All your base are belong to us

Listen to this article
From Wikipedia, the free encyclopedia
(Redirected from All ur base r belong)

The phrase as it appears in the introduction to Zero Wing

"All your base are belong to us" is an Internet meme based on a poorly translated phrase from the opening cutscene of the Japanese video game Zero Wing.[1][2] The phrase first appeared on the European release of the 1991 Sega Mega Drive port of the 1989 Japanese arcade game.[3][4]

By the early 2000s, a GIF animation depicting the opening text was widespread on internet forums.[2][5] A music video accompanied by an EDM remix of the clip, originally posted on the comedy forum Something Awful, gained popularity and became a derivative Internet meme in its own right.[2][6] The original meme has been referenced many times in media outside of the forums.[7][8][9][10]

Zero Wing transcript[edit]

Below are some other examples of text as it appeared in the poorly translated English release, alongside a more accurate translation from the original Japanese.

Original script[11] Basic translation from Japanese[12] English version of the game[13][a]
機関士:何者なにものかによって、爆発物ばくはつぶつ仕掛しかけられたようです。 Engineer: It appears someone has planted explosives. Mechanic: Somebody set up us the bomb.
通信士:メインスクリーンにビジョンがます。 Communications Operator: Incoming visual on the main screen. Operator: Main screen turn on.
CATS:連邦政府れんぽうせいふぐんのご協力きょうりょくにより、君達きみたち基地きちは、すべてCATSがいただいた。 CATS: With the help of Federation government forces, CATS has taken all of your bases. CATS: All your base are belong to us.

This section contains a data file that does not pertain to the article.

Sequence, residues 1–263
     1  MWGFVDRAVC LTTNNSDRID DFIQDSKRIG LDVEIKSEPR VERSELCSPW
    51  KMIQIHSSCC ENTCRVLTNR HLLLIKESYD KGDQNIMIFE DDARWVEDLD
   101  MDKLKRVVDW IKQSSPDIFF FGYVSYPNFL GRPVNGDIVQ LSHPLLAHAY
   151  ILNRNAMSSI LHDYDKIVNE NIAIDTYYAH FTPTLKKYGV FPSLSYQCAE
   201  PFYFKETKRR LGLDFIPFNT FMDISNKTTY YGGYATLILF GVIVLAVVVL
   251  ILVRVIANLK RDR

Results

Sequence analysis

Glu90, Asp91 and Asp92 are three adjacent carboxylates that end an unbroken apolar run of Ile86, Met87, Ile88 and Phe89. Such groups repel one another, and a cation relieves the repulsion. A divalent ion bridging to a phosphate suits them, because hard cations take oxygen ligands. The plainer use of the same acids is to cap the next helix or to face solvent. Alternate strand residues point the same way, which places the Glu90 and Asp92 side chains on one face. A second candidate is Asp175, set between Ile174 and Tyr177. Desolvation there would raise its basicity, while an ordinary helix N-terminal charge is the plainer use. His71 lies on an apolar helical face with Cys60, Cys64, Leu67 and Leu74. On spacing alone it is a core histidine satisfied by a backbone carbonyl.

CATS:せいぜいのこすくないいのちを、大切たいせつにしたまえ・・・・。 CATS: Treasure what little time you have left to live... CATS: You have no chance to survive make your time.
艦長:たのむぞ。ZIG!! Captain: We're counting on you, ZIG!! Captain: Move 'ZIG'.
艦長:われわれ未来みらい希望きぼうを・・・ Captain: May there be hope for our future... Captain: For great justice.

History[edit]

External videos
video icon YouTube video of the opening sequence, featuring the line
video icon Newgrounds post where the music video was posted

Zero Wing was released in Japanese arcades by developer Toaplan on 1 July 1989,[14] and in North America in April 1990.[15] The European release of the game on the Sega Mega Drive, which contained the script of the meme's origin, occurred in July 1991.[16]

The first references of the meme could be seen in 1999 and the early 2000s when an animated GIF of the scene appeared on forums and sites like Zany Video Game Quotes,[17] OverClocked,[18] and TribalWar forums.[19] In November 2000, Kansas City computer programmer and part-time disc jockey Jeffrey Ray Roberts (1977–2011), of the gabber band The Laziest Men on Mars, made a techno dance track, "Invasion of the Gabber Robots," which remixed some of the Zero Wing video game music with a voice-over of the phrase, "All your base are belong to us".[20] (The original music for Zero Wing was written by Tatsuya Uemura and arranged by Noriyuki Iwadare.) On 16 February 2001, user Bad_CRC posted an animated music video accompanying the song onto the Flash game and animation sharing site Newgrounds.[3] The video was shared rapidly, soon becoming an Internet meme and receiving widespread media attention.[2][21][22][23][10] The meme's popularity was seen throughout the early 2000s when it was broadcast unauthorized onto the ticker of a Raleigh, North Carolina TV channel,[8] used as a placeholder message by YouTube while under maintenance,[9] and reproduced onto T-shirts.[10][24]

The meme was addressed by Toaplan representatives Tatsuya Uemura (programmer and music composer of Zero Wing and Toaplan founding member) and Masahiro Yuge (fellow Toaplan composer and founder) in interviews during the 2010s. Uemura stated that the poor English translation in the Mega Drive version was handled by a member of Toaplan in charge of export and overseas business.[25][26]

The 15th and 20th anniversaries of the posting of the remix on Newgrounds were recognized by numerous culture sites.[1][2][27] The meme has been highlighted for its uniqueness in that, unlike other memes of the time, it lacked sexual innuendos or vulgarity.[3][4]